It’s still a long shot, but Bostonians supporting the city’s summer 2024 Olympic bid are breathing a little easier today, after receiving some good news from Olympics officials meeting in Redwood City, California.

US Olympic Committee Chairman Larry Probst met with Boston 2024 Chairman Steve Pagliuca and others yesterday and afterward told a crowd of reporters that Boston’s new 2.0 plan unveiled Monday is progressing in the right direction, but they’d like to see more public support for the plan.

Boston’s bid to host the Olympics has met with active opposition reflected in recent polls showing only about 40 percent in favor. The USOC says a more supportive percentage should be closer to 60 percent. A referendum on the issue is set for next year in Massachusetts.

Andrew Zimbalist, Smith College Professor, economistand author of the book, Circus Maximus: The Economic Gamble Behind Hosting the Olympics and World Cup tells WGBH Morning Edition host Bob Seay, “Every single Olympics since 1960 has had a cost overrun. The summer Olympics since 1976, has had an average cost overrun of 3.5 two times. Boston’s numbers right now, if they were true, would be an acceptable number, but if you apply that 3.5 number to them, they become unacceptable.”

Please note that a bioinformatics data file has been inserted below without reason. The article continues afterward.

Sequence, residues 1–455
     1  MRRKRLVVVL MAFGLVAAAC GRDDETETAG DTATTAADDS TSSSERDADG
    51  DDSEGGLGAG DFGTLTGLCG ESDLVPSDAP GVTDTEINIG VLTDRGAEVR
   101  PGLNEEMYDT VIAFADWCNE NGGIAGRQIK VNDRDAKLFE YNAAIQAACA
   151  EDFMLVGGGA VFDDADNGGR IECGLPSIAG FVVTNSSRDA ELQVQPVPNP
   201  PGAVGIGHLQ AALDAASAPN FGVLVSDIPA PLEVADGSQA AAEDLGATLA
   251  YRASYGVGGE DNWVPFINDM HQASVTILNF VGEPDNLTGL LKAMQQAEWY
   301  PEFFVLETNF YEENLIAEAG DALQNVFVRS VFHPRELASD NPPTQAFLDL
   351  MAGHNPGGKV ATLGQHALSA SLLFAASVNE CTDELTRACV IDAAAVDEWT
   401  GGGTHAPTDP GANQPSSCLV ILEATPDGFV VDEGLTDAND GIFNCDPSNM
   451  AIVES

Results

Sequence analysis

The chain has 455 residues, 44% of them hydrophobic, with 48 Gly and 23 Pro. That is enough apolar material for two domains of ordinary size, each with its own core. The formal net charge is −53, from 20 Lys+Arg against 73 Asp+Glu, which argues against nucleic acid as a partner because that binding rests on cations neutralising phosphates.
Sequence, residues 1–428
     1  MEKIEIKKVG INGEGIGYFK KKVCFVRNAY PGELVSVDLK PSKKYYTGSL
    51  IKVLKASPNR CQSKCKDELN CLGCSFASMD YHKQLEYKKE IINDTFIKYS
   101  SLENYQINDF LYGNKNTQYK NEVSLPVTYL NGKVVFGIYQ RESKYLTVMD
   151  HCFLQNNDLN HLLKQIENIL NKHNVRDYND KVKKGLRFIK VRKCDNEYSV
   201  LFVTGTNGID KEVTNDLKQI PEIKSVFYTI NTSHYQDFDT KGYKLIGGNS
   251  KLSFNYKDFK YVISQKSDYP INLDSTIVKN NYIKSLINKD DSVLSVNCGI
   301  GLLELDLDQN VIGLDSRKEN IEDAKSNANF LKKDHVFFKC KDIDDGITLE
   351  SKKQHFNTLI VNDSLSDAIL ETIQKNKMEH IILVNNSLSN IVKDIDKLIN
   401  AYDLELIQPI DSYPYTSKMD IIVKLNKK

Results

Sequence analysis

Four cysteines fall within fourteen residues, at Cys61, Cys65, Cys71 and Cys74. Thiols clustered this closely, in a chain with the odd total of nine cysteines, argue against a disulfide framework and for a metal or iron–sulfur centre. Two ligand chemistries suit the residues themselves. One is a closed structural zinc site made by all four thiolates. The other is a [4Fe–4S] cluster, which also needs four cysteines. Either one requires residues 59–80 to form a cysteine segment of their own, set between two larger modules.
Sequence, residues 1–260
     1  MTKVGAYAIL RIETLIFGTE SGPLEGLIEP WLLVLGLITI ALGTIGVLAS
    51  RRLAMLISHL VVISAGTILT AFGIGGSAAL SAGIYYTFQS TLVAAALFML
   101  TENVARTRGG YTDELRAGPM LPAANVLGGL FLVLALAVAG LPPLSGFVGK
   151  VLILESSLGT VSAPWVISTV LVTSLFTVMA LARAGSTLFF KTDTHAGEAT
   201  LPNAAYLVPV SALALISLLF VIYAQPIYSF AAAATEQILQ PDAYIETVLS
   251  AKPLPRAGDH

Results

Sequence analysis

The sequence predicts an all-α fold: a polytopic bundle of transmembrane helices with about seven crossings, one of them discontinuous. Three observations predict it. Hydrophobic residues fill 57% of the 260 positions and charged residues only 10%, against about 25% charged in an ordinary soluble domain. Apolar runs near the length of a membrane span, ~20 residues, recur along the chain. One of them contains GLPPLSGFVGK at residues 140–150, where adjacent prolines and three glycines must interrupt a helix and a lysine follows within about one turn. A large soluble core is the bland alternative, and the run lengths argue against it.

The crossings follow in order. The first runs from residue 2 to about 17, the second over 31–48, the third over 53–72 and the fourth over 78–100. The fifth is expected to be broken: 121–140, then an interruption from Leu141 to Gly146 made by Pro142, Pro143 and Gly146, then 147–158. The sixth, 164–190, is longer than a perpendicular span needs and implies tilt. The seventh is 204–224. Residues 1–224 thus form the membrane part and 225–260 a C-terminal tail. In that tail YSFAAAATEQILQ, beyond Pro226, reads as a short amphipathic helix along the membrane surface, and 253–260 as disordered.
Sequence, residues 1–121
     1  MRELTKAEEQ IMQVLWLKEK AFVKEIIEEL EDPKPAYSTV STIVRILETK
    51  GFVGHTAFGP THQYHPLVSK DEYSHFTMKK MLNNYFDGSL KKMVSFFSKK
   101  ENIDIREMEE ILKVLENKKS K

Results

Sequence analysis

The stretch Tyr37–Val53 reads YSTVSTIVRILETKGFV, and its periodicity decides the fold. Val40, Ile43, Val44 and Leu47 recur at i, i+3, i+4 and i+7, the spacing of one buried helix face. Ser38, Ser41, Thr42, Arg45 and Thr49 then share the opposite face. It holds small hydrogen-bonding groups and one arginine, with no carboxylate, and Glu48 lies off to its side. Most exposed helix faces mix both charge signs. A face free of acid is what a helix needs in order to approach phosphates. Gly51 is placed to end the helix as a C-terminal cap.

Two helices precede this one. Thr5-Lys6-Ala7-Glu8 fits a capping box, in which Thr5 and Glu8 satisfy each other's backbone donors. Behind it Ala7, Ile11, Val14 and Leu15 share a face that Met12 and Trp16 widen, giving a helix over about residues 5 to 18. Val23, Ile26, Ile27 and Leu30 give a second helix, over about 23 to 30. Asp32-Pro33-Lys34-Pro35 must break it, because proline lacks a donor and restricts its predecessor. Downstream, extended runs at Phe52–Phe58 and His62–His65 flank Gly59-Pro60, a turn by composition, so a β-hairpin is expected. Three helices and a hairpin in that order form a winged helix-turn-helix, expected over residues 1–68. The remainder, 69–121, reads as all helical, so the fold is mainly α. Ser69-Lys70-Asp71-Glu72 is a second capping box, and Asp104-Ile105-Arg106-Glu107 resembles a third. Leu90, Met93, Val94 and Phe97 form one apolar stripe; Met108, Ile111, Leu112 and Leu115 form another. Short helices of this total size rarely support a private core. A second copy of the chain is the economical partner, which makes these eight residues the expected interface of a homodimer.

USOC Olympic officials say told reporters they’re not abandoning Boston just yet as a host, nor are they’re looking at a replacement bid city to submit to the IOC.

As an economic, the big comes down to numbers and Zimbalist says…. there’s nothing in the new 2.0 plan released by 2024 committee gives assurance that state monies won’t be infused.

‘There’s a lot of smoke and mirrors regarding bond surety and cost overruns.”

Zimbalist says one example is the Columbia point plan. He says, “If you read the financing liability part of the plan….UMass will pay for some of it along with a private developer.  And he says, “If the University of Massachusetts pays for some of the Olympic village development, they’re going to have more rapid increases in tuition, even longer freezes on faculty salaries.”

Critics of the Boston Games suggest hosting the Olympics will affect operations of state government.

Zimbalist says the 1984 Los Angeles games were the the last truly successful Olympic games in the United States in terms of financing.

He says, “Peter Ueberroth, the former Commissioner of Baseball, ran the games and refused to take corporate money, because it meant corporations wouldn’t be giving to the non-profits in the Los Angeles areas, and he adds, “ doing so cannibalizes the money to the non-profits.”

To listen to the entire interview with Economist Andrew Zimbalist and WGBH’s Bob Seay click on the audio link above.